“‘The World Has Made Me The Man of My Dreams’: Meshell Ndegeocello and the ‘problem’ of Black female masculinity,” Popular Music 32/3, 2013, 471-496.

       

      “‘Not With You But of You’: ‘Unbearable Intimacy’ and Jeff Buckley’s Transgendered Vocality.” In Oh Boy!: Masculinities and Popular Music, ed. Freya Jarman-Ivens, New York: Routledge, 2007 (213-233).

       

      Articles in Reference Works

      “Meshell Ndegeocello,” “Antony Hegarty,” “Olivia,” and “Michigan Womyn’s Music Festival,” in The Grove Dictionary of American Music, second edition, ed. Charles Hiroshi Garrett, 2013.

      Reviews

       

      “Ani DiFranco, Carnegie Hall 4/6/02 (2006) and Rome, Italy 11/15/04 (2005),” Righteous Babe Records. Journal for the Society for American Music, 1/1, 2007: 153-5.

        

    • Center for the Humanities at Temple University, “TransAmericana and Queer Sincerity: Gender and Genre in Contemporary Century Folk Music,” March 2018.

      University of Virginia, McIntire Department of Music, Colloquium Series, “TransAmericana and Queer Sincerity: Gender and Genre in Contemporary Folk Music,” October 2017.

      Stanford University,  Ten Years of Interdisciplinary Humanities, Stanford Humanities Center, “What is Interdisciplinarity Today?,” May 2017.

      Dickinson College, "'Stolen Song': Racial and Gender (Mis)representation and Musical Ownership in Two Songs," March 2017.

      Society for American Music, Montreal, "TransAmericana and Queer Sincerity," March 2017.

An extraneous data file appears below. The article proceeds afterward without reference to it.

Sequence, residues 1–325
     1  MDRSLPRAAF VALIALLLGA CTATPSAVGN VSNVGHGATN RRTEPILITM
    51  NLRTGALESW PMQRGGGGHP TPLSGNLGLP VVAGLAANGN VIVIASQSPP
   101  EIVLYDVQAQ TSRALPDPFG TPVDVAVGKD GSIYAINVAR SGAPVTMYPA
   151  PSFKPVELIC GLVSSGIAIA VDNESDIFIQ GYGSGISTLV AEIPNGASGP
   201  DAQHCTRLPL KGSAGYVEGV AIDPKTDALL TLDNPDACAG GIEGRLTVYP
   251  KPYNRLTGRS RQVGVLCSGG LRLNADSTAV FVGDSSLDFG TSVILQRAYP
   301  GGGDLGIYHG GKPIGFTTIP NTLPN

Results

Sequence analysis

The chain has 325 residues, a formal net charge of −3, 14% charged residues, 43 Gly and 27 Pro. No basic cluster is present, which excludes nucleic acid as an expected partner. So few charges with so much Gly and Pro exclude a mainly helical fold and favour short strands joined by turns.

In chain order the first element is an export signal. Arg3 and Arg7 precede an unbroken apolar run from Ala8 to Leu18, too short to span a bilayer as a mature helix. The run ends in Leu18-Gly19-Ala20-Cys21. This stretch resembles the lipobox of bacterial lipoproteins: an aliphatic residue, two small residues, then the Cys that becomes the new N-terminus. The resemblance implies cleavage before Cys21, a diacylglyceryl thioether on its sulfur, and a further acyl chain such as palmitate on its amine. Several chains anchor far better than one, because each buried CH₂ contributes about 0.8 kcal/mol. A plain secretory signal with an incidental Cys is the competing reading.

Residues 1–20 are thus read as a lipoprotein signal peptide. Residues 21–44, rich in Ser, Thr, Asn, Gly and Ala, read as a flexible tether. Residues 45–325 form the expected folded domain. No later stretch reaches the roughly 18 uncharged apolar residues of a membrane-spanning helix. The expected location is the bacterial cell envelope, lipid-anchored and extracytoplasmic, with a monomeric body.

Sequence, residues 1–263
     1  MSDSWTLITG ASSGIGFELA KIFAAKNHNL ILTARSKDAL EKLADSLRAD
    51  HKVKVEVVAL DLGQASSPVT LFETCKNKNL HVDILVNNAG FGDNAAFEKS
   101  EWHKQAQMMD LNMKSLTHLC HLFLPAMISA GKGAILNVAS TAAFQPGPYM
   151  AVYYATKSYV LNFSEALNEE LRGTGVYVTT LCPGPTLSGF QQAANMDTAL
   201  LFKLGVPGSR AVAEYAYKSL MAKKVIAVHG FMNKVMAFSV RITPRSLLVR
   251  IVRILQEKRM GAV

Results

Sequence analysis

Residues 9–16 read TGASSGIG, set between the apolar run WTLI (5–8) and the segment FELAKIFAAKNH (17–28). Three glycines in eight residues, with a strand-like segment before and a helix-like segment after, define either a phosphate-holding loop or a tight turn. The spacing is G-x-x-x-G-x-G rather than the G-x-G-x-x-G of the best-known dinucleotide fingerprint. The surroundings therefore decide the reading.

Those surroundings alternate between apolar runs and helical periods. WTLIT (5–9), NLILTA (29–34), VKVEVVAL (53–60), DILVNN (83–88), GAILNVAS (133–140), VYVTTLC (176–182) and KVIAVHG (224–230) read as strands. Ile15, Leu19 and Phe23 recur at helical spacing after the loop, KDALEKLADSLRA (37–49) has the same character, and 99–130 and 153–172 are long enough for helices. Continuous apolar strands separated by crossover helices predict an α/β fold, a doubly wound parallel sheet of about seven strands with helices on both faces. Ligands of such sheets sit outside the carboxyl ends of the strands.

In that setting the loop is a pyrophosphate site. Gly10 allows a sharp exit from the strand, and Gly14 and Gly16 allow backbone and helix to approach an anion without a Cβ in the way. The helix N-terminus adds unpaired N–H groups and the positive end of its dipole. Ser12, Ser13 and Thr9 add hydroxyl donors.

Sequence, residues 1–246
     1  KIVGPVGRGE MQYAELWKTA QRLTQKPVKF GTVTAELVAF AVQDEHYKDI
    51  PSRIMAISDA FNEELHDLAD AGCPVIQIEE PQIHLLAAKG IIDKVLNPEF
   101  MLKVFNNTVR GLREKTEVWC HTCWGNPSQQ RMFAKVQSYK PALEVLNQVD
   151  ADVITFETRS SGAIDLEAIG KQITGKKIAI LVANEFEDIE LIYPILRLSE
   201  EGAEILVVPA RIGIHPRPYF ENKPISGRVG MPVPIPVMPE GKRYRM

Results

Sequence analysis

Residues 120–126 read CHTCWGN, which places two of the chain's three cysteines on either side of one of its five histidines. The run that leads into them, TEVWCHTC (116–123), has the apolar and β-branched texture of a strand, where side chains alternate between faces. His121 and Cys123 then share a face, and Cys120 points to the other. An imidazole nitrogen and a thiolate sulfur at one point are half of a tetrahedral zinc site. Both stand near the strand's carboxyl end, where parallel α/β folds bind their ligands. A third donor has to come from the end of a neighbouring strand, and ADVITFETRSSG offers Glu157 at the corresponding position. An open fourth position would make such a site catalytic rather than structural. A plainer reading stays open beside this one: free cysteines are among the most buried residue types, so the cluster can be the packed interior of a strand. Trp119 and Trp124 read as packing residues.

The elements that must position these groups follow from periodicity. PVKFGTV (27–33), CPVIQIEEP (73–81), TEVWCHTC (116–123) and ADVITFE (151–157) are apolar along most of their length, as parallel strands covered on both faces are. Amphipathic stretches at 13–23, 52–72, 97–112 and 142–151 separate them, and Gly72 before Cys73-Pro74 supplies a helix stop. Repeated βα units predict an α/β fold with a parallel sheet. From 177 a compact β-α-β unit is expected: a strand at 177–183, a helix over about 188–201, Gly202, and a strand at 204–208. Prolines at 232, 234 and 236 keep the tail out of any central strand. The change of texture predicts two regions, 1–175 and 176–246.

Society for Ethnomusicology, Washington, D.C., "TransAmericana and Queer Sincerity," November 2016.

      American Musicological Society, LGBT Study Group, Vancouver, "'Stolen Song': Racial and Gender Representation and Musical Ownership in Two Songs," November 2016.

      Trans* Studies Conference, Institute for LGBT Studies, University of Arizona, "TransAmericana and Queer Sincerity," September 2016.

      With Craig Jennex, International Association for the Study of Popular Music, Calgary, "Musician Rae Spoon in Conversation," May 2016.

      West Chester University, School of Music, Annual Wilkinson Lecture: "TransAmericana: Gender, Genre, and Journey," October 2015.

      International Association for the Study of Popular Music, Louisville, “TransAmericana,” February 2015.

      American Musicological Society, Milwaukee, “Trans*Americana,” November 2014.

      STUDENTS’ ACHIEVEMENTS

      Olivia Broderick, “Sapphic Odes and Serenades: Exploration of Queer Female Attraction in Brahms Lieder,” Feminist Theory and Music 14, San Francisco, July 2017.

      Kerri Lynn Rafferty, “Blond or Blonde? Examining Frank Ocean and Identity Construction,” Feminist Theory and Music 14, San Francisco, July 2017.

      Benjamin Safran, “A Kinder World than Ours: Narrative, Music, and “Camp” in the Queerness of Steven Universe,” Feminist Theory and Music 14, San Francisco, July 2017.

      Elizabeth Bergman, " Performing the Hollywood Musical’s Song and Dance: Camp Masculinity and Recycled Choreography in Michael Jackson’s The Way You Make Me Feel,” Approaching Dance: Transdiciplinary Methodologies and Modalities of the Moving Body in Performance, Graduate Center at The City University of New York, May 2017.

      Rebecca Rosenbloom, “Aural Substance: An Ethnographic Exploration of Regional Burn Soundscapes," MM May 2017.